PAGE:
"...All you have to do to keep prices low is to sell in equilibrium with demand. The only people that can play this deep are the national treasuries and central banks. They could sell for years and keep prices low..."
That's true, but central banks are actually buying right now, not selling. However, they could be selling paper gold/silver futures, while buying physical. That, in fact, is a very likely scenario. Using leverage and paper to keep prices flat. They're going to lose their ass in the paper, but who cares when they're stock-piling physical. Or they may dump the paper shorts during a panic event/phase (see below). Or they'll just change the rules and default on their paper losses. If that is in fact what they're doing, it's unbelievably bullish and makes the case that any non-emergency fund dollars should be used to accumulate metals.
"...Then you take advantage of a major economic disruption when people are having a hard time putting food on the table...You put the squeeze on for several years, buy in low enough volume to keep the price in the basement, but end up buying more than you had in the first place. You're also acquiring land and homes as they default on their mortgages. Then you print money like mad, create inflation to stimulate the economy, let them fear hyperinflation and run up the price of gold to new highs..."
I try very hard not to be conspiratorial, but what you say above is one of the only explanations I can think of for what's happening now. They are in the "juicing" phase. That is, they're desperately reflating assets (real estate, equities, and until recently, bonds). Once they get enough people in these vehicles, the might just veer them straight toward the cliff to create a panic. People liquidate (i.e., sell) everything just to be "safe" and put food on the table, as you say. That creates a huge buying opportunity for those that don't need to worry about rent/mortgage, grocery budget, etc. Then they can gobble up everything they want. That may include metals at first, but keep in mind, they're already doing that now, and I don't think metal prices would stay low for too long. If we crash, the dollar may strengthen, but only for a short time. It will become obvious that only 2 choices remain. Flat out dollar devaluation or outright default. Once that's clear, then boom. Gold soars again.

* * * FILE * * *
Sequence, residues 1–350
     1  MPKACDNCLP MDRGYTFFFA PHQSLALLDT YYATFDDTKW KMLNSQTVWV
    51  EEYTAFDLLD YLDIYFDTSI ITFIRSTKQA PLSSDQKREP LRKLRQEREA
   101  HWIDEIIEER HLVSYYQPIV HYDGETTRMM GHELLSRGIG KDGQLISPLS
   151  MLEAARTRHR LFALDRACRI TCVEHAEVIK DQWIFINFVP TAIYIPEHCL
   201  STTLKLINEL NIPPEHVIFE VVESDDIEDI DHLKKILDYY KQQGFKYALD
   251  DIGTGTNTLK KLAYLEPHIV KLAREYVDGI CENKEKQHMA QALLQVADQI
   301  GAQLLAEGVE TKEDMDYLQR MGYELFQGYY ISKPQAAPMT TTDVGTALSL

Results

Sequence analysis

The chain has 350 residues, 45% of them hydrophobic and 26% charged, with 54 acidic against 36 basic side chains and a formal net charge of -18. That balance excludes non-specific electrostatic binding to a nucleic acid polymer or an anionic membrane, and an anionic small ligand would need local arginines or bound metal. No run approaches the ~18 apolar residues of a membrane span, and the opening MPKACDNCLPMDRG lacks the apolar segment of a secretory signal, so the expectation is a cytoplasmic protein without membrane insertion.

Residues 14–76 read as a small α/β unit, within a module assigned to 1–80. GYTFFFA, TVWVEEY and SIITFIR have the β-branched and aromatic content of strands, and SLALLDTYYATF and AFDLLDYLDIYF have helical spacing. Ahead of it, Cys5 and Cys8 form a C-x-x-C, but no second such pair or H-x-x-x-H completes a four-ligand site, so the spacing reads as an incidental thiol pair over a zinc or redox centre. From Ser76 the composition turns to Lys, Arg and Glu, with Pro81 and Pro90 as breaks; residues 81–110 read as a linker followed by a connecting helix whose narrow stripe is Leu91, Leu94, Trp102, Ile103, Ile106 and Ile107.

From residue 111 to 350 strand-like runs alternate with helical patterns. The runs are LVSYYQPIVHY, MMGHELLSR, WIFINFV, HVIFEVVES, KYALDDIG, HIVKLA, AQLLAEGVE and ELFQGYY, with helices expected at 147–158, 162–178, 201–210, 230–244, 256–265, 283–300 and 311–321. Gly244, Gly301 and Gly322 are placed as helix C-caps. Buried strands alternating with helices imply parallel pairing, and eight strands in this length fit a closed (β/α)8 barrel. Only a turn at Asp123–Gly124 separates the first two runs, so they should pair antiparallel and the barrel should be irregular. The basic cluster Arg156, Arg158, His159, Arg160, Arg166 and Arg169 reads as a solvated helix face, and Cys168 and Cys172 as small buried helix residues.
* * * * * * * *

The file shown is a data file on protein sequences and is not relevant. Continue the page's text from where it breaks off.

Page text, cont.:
"...When they're earning again, they'll start buying up those houses again and you can charge astronomical interest rates on the loans to you because of your bad credit because of that foreclosure...
That I'm not sure about. I don't know that people will start buying up houses again, especially at high interest rates. That won't happen. More likely, large cash buyers will gobble up housing and then charge rent. Banks will become landlords on a large scale. This is already happening, in fact.
Long term, this all tells me to keep accumulating and being over-weight hard assets - As long as you have enough cash money to cover emergencies
and to use when crises creates buying opportunities. I guess what I'm saying is that I'm somewhere between Jack and Chris Duane. I'm currently a little too overweight metals. But I think having 30-50% of your "liquid" savings (i.e., non-assets, non-retirement) in metals is a pretty safe sweet spot. I'm not willing to be over-weight cash, because there is a risk their, too. I agree with Jack that the dollar isn't likely to go poof overnight. But if a dollar "event" ever appears likely, it may be hard to time it right.